Why American Pop Artist Todd Goldman is Suing His Friend and Art Dealer for $55 Million

A pop artist has sued a friend and an art dealer for $55 million for stealing and selling hundreds of pieces he used as collateral for a loan during his costly divorce in 2016.

 

Todd Goldman, 55, has accused Eli Weisman and Roy Revivo of stealing and copying his works at a time when he was financially insecure.

 

In 2016, Goldman allegedly confided in his friend Weisman about his costly divorce and sought his assistance in paying his legal fees. Weisman agreed and made two loans to his friend in 2016 and 2017, using 2,500 pieces of artwork as collateral, according to Mail Online.

 

This loan deal, however, had ‘sinister and egregious intentions,’ the suit, seen by the New York Post, claims.

 

According to the suit, once the first loan of $40,000 was due to be repaid, Goldman still couldn’t afford it and instead, let his friend keep the collateral artwork.

 

The 2,500 lithographs Weisman got to keep made Revivo made almost $100,000, it’s claimed.

 

Weisman runs gallery and auction house Q-Art – and Revivo is a Californian businessman.

 

Artist Goldman has an A-list clientele – and has sold pieces to Rihanna and Leonardo DiCaprio in the past.

 

When Goldman ran into financial difficulties again, he arranged another agreement with the duo: he received a $100,000 loan secured by $3.5 million in his paintings.

 

According to the lawsuit, Revivo wanted to see the 800 paintings himself, so he asked to ship them across the country from Florida to California in a truck in ‘severe heat,’ which began destroying the artwork.

 

 

The lawsuit claims he then held the artwork ‘hostage,’ and Goldman asked to give back $10,000 that Revivo gave ‘in good will’ in a bid to retrieve his artworks.

 

The lawsuit claims: ‘Roy and Defendants had no intention of returning the pieces of art to Todd, it/they/he/she intended on taking advantage of Todd’s being distracted and financially strapped due to his divorce, to execute the perfect con job against Plaintiff.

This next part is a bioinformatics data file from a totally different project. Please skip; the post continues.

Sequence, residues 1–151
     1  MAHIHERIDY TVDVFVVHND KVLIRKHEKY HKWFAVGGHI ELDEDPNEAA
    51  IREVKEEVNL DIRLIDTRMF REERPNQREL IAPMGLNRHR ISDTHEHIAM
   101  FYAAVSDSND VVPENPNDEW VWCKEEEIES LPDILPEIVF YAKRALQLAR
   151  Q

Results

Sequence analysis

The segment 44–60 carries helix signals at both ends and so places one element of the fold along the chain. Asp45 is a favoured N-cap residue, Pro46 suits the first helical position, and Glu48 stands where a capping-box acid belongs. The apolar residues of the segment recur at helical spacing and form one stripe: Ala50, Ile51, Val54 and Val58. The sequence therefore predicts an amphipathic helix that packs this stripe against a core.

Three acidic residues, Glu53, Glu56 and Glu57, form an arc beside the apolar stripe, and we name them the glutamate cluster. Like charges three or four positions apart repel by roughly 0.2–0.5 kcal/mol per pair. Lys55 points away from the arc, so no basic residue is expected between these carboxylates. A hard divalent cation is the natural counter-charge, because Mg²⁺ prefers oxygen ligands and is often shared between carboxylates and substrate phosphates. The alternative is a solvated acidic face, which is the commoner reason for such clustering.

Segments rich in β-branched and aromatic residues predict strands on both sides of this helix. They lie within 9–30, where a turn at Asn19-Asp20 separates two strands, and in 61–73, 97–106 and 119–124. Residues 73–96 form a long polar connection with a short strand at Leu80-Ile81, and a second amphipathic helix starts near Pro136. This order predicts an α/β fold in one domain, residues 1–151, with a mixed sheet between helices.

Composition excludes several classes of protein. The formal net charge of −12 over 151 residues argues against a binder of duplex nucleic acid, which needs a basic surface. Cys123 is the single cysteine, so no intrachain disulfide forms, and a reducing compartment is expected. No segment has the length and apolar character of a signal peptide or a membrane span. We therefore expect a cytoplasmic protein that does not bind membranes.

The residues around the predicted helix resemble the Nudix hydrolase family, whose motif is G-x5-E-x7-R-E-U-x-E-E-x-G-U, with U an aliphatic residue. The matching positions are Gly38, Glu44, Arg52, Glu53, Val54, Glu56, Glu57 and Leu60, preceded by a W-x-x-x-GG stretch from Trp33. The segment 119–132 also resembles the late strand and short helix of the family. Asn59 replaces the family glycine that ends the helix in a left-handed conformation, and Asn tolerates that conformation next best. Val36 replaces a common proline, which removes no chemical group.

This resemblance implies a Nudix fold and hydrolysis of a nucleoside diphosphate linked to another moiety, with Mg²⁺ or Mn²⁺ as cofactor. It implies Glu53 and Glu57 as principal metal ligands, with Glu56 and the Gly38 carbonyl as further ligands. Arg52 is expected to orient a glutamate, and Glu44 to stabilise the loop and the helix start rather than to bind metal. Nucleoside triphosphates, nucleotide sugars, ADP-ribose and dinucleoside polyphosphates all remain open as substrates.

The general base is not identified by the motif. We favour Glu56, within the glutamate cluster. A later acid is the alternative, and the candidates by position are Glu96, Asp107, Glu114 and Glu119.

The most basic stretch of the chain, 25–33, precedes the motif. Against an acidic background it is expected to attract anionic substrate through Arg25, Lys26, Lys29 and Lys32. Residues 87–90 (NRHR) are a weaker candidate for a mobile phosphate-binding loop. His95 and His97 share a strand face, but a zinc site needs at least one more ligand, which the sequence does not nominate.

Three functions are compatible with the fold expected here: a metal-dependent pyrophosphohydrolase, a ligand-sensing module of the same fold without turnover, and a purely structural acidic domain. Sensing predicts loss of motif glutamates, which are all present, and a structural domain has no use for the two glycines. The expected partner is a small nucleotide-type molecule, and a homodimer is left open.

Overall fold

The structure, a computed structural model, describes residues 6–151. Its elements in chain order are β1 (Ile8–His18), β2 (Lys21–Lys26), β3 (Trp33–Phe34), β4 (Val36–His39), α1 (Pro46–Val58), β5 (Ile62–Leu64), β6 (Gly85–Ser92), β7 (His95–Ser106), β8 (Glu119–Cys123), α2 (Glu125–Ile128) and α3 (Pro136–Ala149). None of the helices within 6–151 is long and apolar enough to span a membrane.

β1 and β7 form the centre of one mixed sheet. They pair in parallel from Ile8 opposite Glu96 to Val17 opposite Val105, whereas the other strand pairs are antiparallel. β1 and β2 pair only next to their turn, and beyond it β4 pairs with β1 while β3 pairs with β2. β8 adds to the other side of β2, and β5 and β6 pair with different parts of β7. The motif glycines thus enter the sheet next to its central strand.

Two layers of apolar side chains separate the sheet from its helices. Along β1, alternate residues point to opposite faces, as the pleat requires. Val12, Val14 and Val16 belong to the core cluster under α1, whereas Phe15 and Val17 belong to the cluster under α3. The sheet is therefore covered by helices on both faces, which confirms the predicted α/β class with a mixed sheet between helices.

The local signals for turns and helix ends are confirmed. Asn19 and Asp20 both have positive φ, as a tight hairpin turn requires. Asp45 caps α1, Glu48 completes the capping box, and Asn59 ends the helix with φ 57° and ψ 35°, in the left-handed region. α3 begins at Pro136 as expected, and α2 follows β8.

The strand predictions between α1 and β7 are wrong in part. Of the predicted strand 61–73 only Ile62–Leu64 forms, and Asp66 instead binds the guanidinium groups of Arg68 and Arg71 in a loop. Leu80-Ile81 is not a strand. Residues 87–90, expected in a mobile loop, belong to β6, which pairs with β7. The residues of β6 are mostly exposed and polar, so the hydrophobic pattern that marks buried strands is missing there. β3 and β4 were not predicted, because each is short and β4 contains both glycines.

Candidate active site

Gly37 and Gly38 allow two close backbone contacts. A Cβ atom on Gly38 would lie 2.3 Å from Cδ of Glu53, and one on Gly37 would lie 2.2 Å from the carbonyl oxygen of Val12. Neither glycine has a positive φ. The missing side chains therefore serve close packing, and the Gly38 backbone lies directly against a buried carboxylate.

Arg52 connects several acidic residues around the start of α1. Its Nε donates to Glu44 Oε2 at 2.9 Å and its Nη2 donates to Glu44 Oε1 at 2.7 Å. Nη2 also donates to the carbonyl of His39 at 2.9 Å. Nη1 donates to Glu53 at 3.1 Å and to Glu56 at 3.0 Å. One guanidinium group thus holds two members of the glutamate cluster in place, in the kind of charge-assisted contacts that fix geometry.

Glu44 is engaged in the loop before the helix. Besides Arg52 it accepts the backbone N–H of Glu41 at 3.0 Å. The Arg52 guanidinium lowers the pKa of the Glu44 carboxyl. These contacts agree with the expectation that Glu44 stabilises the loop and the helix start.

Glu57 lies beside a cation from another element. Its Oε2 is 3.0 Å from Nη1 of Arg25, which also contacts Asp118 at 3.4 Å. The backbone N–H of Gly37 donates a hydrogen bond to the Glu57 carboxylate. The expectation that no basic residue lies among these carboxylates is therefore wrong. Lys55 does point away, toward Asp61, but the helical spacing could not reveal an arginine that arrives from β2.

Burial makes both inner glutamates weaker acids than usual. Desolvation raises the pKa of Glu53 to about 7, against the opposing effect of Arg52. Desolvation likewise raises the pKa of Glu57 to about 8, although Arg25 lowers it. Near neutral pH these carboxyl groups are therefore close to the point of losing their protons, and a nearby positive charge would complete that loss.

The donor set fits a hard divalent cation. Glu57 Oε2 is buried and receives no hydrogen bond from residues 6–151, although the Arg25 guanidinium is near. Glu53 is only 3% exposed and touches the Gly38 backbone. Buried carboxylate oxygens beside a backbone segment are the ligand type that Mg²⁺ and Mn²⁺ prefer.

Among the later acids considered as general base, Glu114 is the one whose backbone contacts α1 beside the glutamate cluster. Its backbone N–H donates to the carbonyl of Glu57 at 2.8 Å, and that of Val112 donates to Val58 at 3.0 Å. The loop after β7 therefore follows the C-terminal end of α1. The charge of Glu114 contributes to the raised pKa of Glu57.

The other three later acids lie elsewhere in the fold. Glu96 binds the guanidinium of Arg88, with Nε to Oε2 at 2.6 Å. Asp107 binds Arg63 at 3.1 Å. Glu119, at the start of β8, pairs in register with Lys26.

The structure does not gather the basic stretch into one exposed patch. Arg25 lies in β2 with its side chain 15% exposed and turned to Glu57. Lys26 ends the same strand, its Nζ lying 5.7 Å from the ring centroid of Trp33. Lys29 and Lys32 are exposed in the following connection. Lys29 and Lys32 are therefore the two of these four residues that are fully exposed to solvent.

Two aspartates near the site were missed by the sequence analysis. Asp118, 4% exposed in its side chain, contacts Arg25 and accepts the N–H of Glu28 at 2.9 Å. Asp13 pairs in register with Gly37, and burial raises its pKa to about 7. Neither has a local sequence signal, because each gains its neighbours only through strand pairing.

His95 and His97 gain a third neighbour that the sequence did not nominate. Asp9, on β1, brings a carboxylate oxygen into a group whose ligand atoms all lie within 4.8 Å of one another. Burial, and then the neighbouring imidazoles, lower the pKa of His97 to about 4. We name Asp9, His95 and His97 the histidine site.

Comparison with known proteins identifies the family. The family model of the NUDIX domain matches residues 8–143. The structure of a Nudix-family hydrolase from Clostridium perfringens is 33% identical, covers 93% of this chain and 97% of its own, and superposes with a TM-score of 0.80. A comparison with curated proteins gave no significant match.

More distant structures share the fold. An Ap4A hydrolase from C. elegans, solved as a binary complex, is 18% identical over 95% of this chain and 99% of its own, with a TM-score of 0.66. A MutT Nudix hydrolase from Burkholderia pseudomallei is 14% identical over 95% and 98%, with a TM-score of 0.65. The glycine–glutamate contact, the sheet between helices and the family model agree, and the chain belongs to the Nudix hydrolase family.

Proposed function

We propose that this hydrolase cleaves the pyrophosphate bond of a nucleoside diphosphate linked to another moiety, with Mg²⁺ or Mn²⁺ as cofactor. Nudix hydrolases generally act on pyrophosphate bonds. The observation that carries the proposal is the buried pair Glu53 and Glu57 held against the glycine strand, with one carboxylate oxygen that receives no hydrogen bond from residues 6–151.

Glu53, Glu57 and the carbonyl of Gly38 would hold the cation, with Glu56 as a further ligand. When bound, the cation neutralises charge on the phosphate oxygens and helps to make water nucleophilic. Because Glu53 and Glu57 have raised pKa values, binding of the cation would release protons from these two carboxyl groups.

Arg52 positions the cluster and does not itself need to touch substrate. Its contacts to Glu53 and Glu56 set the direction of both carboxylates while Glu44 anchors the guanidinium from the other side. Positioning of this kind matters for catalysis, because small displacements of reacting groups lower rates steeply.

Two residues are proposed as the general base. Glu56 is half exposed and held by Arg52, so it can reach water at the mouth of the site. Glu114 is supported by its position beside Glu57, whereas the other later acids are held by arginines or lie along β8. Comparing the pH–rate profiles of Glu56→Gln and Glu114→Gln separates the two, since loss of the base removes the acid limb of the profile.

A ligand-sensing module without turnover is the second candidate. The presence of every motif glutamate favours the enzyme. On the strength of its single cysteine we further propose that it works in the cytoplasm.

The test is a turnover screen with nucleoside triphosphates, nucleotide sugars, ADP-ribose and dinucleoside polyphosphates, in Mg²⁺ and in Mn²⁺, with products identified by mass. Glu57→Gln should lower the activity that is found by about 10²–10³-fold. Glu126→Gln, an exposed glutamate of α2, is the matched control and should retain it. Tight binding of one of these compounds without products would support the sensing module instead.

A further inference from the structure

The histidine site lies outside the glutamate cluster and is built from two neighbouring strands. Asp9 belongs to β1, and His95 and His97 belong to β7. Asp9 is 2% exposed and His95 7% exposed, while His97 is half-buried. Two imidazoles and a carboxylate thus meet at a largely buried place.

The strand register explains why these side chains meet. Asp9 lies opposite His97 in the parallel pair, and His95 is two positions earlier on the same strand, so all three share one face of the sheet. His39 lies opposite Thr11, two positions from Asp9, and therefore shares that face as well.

‘Meanwhile, time was passing and Todd was losing millions of business opportunities with his art.

 

Defendants in this action knew full well the popularity of Todd’s work, and like a Trojan Horse, offered Todd help when he was down and needed it the most, but with sinister and egregious intentions.’

 

Instead of giving back the hundreds of artworks, Revivo allegedly changed the terms of the loan, and increased the repayment amount to $25,000, and then to $50,000.

 

Not only did Goldman not possess his works, but he was missing out on big business deals, costing him millions of dollars, it’s claimed.

 

He was forced to file for bankruptcy in 2018.

 

It was at this point that Revivo and Weisman started making prints of the artist’s works and selling them online for cheap, the lawsuit claims.

 

In turn, this ‘watered down’ Goldman’s brand and also saturated the market where collectors wouldn’t want to invest in his work because copies were readily available elsewhere, the suit says.

 

Goldman’s lawyer Victor Feraru told The Post: ‘This is one of the most egregious cases of exploiting an artist’s work that I have ever seen.

 

‘The Defendants in this case single-handedly diluted the market with unauthorized reproductions of my client’s work and committed unthinkable fraud in the most vindictive and morally corrupt ways possible.

 

‘We look forward to this case making its way to a jury.’

 

Weisman’s team said: ‘Qart.com has never reproduced Todd Goldman’s paintings nor have we reproduced his signature. Even a shallow dive would clear it up.’

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